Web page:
“Uh-Oh, I Need Money Now!” 4 Fast Cash Options for People With Bad Credit
There’s no perfect way to get money fast when you have bad credit, but these four choices can all be a good solution—so long as you’re careful.
Realizing that you need cash and need it yesterday is never a fun thought to have. But when surprise expenses or a financial emergency rear their ugly heads, that thought just might sum up your situation. Having an emergency fund for times like these is always the best way to go, but for folks who don’t have one, going on and on about the benefits of saving money isn’t going to help in the slightest.
Instead, you need some fast cash options that are going to help you right now—but that won’t leave your finances hurting in the long-term. And if you have bad credit, that second part can be a very tough ask. Getting the money is easy enough; escaping a predatory cycle of debt is much harder. This doesn’t mean that you can’t get the money you need, it just means that you’ll have to be careful when making your decision.
Here are four ways that you can get fast cash when you need it most. None of these options are perfect—and some are certainly riskier than others—but each of them can be useful in a pinch. No matter which option you choose, make sure you understand all the risks before signing up. Your future self, the one who has to live with consequences of the decision, will thank you.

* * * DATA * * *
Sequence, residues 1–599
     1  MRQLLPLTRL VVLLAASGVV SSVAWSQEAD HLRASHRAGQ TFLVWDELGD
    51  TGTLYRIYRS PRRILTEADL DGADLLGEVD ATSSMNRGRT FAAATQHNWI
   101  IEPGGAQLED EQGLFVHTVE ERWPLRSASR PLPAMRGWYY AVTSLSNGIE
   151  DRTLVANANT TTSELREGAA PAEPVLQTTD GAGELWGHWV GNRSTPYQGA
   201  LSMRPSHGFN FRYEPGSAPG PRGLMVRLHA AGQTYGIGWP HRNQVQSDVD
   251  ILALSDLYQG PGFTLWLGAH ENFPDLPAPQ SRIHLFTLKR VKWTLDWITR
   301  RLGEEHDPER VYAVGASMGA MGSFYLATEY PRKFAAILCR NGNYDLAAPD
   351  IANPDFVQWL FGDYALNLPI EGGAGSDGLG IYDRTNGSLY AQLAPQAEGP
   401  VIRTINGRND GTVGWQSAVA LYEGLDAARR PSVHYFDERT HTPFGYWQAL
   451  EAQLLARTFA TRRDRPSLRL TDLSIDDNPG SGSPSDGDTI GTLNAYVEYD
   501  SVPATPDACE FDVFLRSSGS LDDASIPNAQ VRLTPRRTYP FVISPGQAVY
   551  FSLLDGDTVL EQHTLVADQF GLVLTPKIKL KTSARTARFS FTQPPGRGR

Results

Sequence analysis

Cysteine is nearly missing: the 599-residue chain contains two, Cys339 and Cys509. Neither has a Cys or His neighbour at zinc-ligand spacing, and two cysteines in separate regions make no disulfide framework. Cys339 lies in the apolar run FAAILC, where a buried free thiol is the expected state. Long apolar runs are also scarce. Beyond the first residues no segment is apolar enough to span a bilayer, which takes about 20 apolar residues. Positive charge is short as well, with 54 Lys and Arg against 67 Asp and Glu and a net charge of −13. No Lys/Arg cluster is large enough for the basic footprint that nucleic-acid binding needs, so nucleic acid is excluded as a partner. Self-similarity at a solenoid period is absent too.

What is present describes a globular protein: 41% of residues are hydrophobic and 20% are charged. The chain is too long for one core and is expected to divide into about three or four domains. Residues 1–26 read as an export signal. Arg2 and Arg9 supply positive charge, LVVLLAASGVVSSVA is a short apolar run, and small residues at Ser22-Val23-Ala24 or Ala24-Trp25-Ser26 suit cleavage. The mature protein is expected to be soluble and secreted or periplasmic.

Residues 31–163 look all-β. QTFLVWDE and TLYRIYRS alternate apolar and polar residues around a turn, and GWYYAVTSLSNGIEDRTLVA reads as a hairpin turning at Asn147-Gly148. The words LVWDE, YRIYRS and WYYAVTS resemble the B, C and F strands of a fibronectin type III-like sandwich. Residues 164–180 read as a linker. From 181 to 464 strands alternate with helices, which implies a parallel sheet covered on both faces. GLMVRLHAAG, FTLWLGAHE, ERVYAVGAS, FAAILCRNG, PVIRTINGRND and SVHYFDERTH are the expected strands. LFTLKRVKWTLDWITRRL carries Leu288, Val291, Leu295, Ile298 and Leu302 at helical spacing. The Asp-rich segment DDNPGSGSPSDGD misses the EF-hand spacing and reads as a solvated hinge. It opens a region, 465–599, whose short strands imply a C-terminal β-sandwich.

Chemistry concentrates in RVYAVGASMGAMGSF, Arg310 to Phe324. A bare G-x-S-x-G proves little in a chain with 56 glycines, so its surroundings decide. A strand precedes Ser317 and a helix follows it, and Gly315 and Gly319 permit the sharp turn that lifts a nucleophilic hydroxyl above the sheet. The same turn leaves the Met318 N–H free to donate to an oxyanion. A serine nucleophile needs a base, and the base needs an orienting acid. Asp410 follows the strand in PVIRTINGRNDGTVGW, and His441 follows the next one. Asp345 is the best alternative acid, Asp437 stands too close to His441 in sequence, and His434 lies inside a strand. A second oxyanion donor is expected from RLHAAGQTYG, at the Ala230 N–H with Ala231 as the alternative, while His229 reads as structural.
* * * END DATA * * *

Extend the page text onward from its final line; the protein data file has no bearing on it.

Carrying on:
1. Borrowing money from friends and family.
Look, nobody likes going to their friends and family, hat in hand, and asking for money. Even if they are more than happy to loan you the funds you need, it can still feel really embarrassing. And if they’re less than happy to loan you the money, well, then it feels a whole lot worse.
Still, this is your best option if you need fast cash. For one thing, friends and family are much less likely to charge you interest, which essentially means you’re borrowing that money for free. Plus, they are much more likely to be understanding if your repayment schedule is a little erratic—something that regular lenders tend not to be.
Borrowing money from friends and family, however, does come with some significant downsides. Screwing up your credit is one thing; screwing up your close relationships is something else entirely. Plus, there are lots of people whose friends and family members don’t have any more spare cash than they do, which makes this option a non-starter.
If you’re going to borrowing money in this fashion, make sure that both parties are crystal clear on the terms of the loan. You might even want to draw up your own loan agreement so that you both have something in writing. For a sample contract, and to learn more about this kind of casual borrowing, check out our blog post: How to Ask Friends and Family For Money.